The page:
Solar Energy Myths
When it comes to solar energy, do you know what's true and what isn't? Let's debunk a few solar energy myths.
There's a common misconception that in order for solar panels to work, it needs to be warm and sunny all of the time. The fact is that all that panels need is UV light, which is available even during cold and cloudy days. As a result, your solar panels will collect energy as long as it isn't completely dark outside. Except for Alaska, America gets consistent sunlight.
Residential solar systems may not yet be available in all 50 states, but tax credits, rebates and/or policies do exist. These state incentives can be added on top of the current Federal 30% Solar Investment Tax Credit (ITC).
While photos of solar panels on a rooftop look like they have been attached directly, they are actually mounted as part of a railing system. Solar panels do the opposite of damage - they actually protect. If there are any problems with your roof, panels can be easily removed for maintenance.
When your solar energy system is creating more power than is being used, the unused power is added to the power grid that your home is still connected to. Power sent to the grid is credited to your utility account. No battery system is needed.
It is quite the opposite. Residents who install solar panels on their home are actually increasing the value of their home in the market, with buyers willing to pay up to a $15,000 premium on home with a solar system installed. With energy prices rising, buyers want to find ways to keep costs down.
For one, you don't have to purchase a solar energy system outright. Many residential solar companies such as SolarCity allow customers to lease the solar equipment, allowing them to reap the benefits of residential solar power. For those who purchase, it's only a matter of time before the value of your home goes up thanks to your solar system.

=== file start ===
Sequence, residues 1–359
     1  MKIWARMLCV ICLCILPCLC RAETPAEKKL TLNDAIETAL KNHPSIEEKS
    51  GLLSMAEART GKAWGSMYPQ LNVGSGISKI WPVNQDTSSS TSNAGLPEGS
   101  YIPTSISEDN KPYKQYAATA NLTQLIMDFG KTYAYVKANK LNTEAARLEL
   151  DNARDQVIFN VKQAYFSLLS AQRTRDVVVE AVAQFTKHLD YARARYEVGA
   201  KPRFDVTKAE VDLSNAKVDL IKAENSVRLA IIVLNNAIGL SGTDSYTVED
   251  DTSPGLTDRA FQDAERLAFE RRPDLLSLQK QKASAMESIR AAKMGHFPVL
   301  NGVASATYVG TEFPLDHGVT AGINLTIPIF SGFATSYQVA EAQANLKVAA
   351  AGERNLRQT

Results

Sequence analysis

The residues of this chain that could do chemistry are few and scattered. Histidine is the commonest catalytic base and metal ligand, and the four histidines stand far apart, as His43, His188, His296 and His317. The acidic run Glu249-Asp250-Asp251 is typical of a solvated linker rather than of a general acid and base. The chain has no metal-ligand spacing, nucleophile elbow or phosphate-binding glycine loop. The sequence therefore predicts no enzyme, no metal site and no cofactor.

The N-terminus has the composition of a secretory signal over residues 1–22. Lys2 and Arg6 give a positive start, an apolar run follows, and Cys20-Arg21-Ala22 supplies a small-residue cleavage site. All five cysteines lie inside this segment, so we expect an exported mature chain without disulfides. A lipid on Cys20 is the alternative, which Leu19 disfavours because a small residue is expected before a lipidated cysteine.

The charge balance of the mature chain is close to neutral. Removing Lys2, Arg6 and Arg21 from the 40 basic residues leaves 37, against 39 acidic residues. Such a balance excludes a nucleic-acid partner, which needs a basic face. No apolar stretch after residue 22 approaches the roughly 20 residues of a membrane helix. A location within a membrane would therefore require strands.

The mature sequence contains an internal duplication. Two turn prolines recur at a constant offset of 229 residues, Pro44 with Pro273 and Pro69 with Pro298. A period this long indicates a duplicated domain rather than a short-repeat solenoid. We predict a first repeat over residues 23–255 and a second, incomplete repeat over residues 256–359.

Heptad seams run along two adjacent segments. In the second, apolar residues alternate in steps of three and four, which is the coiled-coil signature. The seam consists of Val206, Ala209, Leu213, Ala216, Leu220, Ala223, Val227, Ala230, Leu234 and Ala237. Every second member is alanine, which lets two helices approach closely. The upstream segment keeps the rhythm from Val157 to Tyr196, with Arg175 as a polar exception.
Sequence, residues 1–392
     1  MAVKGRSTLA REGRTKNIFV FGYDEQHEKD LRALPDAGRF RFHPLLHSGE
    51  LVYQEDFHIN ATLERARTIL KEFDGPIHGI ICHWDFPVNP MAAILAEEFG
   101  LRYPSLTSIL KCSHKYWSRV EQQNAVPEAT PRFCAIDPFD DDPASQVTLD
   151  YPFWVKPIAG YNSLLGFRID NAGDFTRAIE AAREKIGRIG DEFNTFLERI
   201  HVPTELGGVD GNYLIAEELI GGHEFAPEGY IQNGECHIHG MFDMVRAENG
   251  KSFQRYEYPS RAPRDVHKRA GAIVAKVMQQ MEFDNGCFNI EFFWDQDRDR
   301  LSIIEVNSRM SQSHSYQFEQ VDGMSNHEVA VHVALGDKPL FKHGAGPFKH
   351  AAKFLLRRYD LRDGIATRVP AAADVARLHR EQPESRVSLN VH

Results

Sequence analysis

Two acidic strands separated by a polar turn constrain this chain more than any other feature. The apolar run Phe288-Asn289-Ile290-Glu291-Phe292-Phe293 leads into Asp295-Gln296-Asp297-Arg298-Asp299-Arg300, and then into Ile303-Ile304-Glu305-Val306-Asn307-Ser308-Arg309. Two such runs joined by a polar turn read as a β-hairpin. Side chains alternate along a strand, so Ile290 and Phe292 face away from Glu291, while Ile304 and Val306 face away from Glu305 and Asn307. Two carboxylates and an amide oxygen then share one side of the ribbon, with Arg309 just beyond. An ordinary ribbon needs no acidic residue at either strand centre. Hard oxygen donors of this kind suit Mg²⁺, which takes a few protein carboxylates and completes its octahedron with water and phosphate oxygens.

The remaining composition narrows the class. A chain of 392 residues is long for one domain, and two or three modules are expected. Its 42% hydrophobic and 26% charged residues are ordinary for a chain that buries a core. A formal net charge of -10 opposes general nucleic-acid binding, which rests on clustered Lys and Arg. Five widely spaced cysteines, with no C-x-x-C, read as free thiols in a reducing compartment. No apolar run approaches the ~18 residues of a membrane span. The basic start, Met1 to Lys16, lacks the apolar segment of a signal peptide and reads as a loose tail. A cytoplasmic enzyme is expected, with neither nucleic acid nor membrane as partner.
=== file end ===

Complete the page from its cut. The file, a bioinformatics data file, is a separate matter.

Like any other technology, design improvements happen overtime. Solar energy systems are customized to to not only fit your home, but also work with the overall aesthetics as well. Panels used to be bulky, but new developments have consolidated the design.
In short, no you don't. Tracking systems do exist, but they do little to increase the efficiency of your solar energy system. Tracking systems are more applicable toward large-scale solar energy farms that produce more power - not for a residential home. As long as there is light of any kind - whether through sun or clouds - you'll get the energy you need.
Like anything else, maintenance is required, but not the level that many people expect. Photovoltaic cells are easy to remove for maintenance, and are also easy to clean. If you choose to lease your system, your installer will maintain your equipment. This is often backed by a warranty that can outlast the life of the cells themselves.
In 2004, the National Renewable Energy Laboratory studied this exact relation, and found that it took anywhere from one to four years for a solar energy system to produce the equivalent amount of energy that it takes to manufacture. That was more than a decade ago, and solar energy systems have become even more efficient since then.